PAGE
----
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Directed by Andrew Niccol. Produced by Mark Amin, Nicolas Chartier, and Zev Foreman. Written by Andrew Niccol. Release date: May 15, 2015.

In a parallel universe, Good Kill is what eventually became of that Top Gun sequel we thought we were getting. It’s a logical progression, really, and in some ways feels exactly what a Top Gun for 2015 would feel like. Instead of focusing on a hotshot pilot, it instead shows us the horrors of war through drone warfare – with the hotshot pilot having been grounded and forced to push the buttons that kill dozens of people several thousands of miles away.

The pilot isn’t being played by Tom Cruise, though. Instead, Ethan Hawke takes the lead, here playing a man named Thomas Egan. Plane pilots are a thing of the past, so he’s been forced into flying drones, something he hates doing. The main benefit, though, is that he can go home every day to his suburban house, his lovely wife (January Jones), and his kids. Good Kill follows Egan’s day-to-day life, which allows the viewer to see the behind-the-scenes job of piloting drones – as well as the questionable morals with which the operation is run.

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Yes, Good Kill is a movie with something on its mind. It has ideas about drone warfare. It shows us how the CIA interfered in the Air Force’s operation, which saw Egan forced to commit what other characters refer to as “war crimes.” Good Kill doesn’t exactly have a lot of good things to say about the way the government has run its drone division. We also witness the job take its toll on the characters, much the same way that we saw war impact the mental health of the protagonist in American Sniper. It doesn’t matter whether you’re three feet from someone or three thousand miles away; killing another human being is hard on a normal person’s state of mind.

So, the film is here to make a point, to criticize indiscriminate killing via drones and to make us aware of the impact war has on the soldiers participating in it. It probably would have had more impact had we not seen similar themes in American Sniper a few months ago, but at least the drone issue – which is the main focus for most of the running time – is fresh. However, a movie that is this single-mindedly political comes with its own share of problems.

Good Kill is a decent movie that will make you think about the way that the military uses drones, and the way that killing people impacts the mental health of soldiers.

The first and foremost problem being that the ideas it wants to preach to us wind up being much more of a focus than keeping us entertained. Seeing drones in action – mostly on videogame-esque screens, something the film actually addresses – is fun for a while, but when it feels like every second scene sees us watching a screen, waiting for an explosion, it gets dull really quick. The targets are all just random individuals, and there’s never any tension regarding whether or not the mission will be a success. About the only time the film gets interesting is when its characters start to crack under the mental grind that comes from performing these morally questionable missions.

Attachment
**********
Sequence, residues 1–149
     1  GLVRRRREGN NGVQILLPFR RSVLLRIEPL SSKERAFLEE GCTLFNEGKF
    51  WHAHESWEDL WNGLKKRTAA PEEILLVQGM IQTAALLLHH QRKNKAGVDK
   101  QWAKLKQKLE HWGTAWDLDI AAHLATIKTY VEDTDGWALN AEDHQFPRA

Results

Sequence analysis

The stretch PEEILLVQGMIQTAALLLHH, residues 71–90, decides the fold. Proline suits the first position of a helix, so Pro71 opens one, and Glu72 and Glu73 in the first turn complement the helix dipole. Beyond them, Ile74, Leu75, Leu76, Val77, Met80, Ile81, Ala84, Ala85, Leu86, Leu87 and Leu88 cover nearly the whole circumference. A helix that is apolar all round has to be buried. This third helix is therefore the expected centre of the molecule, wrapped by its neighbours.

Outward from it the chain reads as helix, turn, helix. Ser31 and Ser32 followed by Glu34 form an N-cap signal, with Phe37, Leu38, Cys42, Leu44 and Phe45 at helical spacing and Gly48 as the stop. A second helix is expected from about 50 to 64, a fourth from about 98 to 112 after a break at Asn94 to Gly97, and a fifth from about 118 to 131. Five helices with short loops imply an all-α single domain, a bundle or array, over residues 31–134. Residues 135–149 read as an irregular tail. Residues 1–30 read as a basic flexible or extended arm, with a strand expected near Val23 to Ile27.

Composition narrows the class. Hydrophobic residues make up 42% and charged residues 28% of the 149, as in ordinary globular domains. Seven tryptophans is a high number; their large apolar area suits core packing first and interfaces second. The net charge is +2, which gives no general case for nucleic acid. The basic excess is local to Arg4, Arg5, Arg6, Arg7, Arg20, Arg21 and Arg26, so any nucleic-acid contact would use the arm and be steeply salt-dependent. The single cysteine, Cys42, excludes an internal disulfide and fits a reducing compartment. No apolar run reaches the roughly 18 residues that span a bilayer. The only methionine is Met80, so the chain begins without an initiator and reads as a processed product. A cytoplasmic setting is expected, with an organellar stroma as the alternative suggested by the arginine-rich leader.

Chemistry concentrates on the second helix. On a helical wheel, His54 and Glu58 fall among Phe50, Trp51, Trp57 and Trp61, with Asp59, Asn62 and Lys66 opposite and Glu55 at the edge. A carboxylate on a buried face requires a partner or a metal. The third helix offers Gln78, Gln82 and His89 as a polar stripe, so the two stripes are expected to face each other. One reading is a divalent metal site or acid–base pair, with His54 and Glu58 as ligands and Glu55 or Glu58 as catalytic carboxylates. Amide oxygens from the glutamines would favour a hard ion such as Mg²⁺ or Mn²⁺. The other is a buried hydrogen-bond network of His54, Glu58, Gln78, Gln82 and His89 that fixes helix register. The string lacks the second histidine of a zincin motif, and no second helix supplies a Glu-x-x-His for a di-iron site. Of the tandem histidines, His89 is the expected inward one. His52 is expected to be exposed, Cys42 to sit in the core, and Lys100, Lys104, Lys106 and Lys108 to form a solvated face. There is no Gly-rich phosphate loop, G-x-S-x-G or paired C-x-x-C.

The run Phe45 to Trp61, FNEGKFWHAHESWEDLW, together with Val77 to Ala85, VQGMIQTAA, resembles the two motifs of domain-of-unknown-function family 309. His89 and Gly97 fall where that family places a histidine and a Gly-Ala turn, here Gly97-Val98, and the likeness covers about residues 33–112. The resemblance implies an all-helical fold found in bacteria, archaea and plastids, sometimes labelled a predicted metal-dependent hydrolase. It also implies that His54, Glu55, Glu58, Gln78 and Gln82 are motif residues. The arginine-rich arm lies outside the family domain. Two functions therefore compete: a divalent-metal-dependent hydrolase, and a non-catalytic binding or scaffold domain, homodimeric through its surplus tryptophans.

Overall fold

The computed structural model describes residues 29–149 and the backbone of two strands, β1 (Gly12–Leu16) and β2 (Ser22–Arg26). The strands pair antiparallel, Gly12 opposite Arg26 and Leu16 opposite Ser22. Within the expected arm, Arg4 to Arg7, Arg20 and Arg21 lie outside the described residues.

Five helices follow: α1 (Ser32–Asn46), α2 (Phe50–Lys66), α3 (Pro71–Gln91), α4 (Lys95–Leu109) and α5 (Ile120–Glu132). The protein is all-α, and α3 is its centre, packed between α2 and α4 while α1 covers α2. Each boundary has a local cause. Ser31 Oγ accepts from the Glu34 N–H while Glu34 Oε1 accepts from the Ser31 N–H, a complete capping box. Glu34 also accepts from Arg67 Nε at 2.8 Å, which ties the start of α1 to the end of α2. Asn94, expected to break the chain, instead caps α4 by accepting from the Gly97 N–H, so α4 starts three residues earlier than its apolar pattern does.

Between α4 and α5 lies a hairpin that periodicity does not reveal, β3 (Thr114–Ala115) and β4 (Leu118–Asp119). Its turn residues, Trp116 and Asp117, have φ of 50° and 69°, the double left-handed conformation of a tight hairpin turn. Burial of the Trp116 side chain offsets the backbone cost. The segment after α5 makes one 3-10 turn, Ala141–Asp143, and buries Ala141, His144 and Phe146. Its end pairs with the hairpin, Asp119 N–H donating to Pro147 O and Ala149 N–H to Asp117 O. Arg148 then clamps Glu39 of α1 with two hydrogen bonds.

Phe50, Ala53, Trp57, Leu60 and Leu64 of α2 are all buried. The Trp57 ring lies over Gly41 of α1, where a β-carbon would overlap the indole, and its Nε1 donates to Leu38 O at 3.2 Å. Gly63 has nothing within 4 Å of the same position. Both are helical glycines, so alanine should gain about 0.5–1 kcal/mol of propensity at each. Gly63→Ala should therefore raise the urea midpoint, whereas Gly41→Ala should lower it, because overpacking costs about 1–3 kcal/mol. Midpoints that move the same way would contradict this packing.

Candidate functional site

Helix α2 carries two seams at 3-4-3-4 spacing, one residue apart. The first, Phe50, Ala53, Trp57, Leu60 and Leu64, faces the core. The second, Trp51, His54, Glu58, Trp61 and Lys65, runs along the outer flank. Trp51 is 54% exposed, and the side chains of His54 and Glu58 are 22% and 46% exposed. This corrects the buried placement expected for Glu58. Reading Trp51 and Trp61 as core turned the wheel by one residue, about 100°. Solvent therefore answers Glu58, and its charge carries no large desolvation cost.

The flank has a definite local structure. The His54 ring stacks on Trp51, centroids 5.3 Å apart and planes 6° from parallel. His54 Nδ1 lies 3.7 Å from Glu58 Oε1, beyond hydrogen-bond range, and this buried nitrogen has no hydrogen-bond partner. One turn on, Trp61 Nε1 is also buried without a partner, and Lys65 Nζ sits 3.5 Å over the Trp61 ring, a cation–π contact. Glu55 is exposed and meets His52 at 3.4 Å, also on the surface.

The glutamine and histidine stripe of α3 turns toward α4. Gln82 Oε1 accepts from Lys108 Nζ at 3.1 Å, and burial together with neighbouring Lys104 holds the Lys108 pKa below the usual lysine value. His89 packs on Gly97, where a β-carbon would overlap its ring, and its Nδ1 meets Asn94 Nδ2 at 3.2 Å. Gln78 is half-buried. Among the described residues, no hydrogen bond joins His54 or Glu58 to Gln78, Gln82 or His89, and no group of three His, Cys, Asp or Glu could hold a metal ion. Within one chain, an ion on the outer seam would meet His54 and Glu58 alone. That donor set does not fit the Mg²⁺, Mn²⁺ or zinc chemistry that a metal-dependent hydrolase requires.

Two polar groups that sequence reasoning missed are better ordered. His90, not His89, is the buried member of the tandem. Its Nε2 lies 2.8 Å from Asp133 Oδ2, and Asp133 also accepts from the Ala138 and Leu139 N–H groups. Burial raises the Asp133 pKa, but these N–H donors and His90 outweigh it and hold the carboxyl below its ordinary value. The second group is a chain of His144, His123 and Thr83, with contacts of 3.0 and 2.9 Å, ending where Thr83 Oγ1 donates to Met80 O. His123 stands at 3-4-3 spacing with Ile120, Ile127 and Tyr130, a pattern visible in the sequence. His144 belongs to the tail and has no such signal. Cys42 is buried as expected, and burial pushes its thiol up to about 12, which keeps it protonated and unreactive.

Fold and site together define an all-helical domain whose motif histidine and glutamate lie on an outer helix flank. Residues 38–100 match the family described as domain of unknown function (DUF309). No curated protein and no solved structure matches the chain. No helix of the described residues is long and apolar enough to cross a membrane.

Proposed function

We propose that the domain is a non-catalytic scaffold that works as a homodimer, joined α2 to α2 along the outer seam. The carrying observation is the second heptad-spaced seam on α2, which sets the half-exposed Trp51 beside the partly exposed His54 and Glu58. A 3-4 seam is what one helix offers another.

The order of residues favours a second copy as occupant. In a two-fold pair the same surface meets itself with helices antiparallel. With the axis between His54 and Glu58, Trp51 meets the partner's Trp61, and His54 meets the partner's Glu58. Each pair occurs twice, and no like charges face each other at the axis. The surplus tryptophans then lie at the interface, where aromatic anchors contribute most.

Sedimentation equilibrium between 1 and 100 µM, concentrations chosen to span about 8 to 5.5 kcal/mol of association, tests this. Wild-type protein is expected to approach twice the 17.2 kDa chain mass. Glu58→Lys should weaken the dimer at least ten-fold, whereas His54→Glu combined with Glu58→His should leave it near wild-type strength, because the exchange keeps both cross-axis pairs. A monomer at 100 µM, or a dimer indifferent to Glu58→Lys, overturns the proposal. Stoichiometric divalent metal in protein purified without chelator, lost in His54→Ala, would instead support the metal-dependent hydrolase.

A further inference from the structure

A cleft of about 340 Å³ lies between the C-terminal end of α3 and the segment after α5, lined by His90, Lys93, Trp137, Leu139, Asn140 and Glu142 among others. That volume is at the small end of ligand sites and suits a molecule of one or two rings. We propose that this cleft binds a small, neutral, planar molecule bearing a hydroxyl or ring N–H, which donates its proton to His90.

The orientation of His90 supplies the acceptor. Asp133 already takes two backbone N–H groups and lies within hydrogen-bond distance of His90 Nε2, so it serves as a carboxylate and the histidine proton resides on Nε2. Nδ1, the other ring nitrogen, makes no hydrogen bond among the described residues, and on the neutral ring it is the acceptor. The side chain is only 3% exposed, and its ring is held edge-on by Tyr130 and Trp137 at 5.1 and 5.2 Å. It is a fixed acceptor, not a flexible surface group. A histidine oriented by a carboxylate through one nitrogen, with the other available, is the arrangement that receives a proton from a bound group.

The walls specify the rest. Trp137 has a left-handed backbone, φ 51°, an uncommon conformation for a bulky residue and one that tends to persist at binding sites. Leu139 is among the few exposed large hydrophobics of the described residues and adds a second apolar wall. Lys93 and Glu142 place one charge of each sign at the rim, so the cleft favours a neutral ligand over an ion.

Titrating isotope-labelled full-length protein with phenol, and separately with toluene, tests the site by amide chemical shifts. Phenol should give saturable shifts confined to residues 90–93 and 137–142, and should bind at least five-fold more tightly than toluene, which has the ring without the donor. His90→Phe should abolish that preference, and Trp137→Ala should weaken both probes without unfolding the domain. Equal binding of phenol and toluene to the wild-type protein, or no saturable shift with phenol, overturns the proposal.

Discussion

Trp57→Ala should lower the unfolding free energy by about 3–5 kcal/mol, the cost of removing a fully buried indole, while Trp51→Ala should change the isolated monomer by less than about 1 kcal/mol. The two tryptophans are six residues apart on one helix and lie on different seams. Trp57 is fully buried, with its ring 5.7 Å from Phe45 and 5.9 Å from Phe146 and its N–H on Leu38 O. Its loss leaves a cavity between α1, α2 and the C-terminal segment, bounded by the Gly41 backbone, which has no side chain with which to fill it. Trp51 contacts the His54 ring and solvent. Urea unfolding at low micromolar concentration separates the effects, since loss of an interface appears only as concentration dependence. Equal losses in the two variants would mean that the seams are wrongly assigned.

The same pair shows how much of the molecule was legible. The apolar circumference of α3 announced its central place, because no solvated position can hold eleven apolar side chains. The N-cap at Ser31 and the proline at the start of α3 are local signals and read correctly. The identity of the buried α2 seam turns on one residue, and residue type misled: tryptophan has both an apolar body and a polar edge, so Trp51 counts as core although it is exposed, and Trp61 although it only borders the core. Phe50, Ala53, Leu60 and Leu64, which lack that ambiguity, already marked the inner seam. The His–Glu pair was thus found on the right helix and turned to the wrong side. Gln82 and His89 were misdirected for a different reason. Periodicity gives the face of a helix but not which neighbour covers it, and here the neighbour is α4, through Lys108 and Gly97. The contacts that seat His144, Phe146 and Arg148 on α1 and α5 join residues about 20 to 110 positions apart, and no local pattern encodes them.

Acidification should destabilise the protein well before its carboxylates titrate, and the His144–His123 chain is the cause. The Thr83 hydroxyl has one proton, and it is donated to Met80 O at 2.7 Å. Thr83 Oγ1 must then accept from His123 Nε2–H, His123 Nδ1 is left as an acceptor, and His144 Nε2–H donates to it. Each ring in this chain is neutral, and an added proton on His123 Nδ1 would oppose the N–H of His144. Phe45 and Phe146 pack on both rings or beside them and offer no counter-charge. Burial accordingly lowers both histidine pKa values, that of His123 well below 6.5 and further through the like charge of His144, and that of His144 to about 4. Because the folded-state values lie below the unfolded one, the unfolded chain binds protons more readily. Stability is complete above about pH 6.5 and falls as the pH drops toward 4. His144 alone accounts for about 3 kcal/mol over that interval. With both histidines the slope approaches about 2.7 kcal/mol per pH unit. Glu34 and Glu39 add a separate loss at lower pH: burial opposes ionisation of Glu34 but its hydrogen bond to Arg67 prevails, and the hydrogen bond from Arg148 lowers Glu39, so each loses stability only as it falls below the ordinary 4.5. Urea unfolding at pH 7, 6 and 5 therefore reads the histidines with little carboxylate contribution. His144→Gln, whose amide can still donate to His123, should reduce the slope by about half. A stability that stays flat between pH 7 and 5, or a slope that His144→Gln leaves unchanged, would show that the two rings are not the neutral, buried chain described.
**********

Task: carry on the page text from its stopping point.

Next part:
That, however, is the only thing to the characters, unfortunately. Their personalities are almost solely defined by whether or not they think the drone missions are positive. It’s a shame, too, because Ethan Hawke is actually quite strong in the lead role. If his character was written with more depth, the movie would be so much better. He’d feel like a person, not a conduit through which Good Kill can make a point about soldiers. He’s a stand-in for all soldiers; he never feels to us like “Thomas Egan.”

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Good Kill isn’t ever boring, though. It remains interesting enough to be worthwhile because it has something on its mind – whether you agree with what it has to say or you don’t. It’s been written and directed by Andrew Niccol, finally giving us a good movie after floundering for a decade. This is much more Lord of War than In Time or The Host. And that’s what we need from someone as talented as Niccol. He’s someone who can tell a good story that’s filled with ideas, and while Good Kill isn’t one of his top films, it’s at least on the right track.

While not a complete victory, Good Kill is a decent movie that will make you think about the way that the military uses drones, and the way that killing people impacts the mental health of soldiers. Its strengths do not come from its story or its characters. It’s topical, it’s smart, and it’s rarely dull, although it’s also heavy-handed and often single-minded.

Bottom Line: Good Kill is a mixed bag, but overall I’d consider it a moderate success.

Recommendation: If you needed American Sniper to have more drones and less character, Good Kill is your movie.



If you want more of Matthew “Marter” Parkinson, you can follow him on the Twitter @Martertweet and check out his weekly movie podcast.

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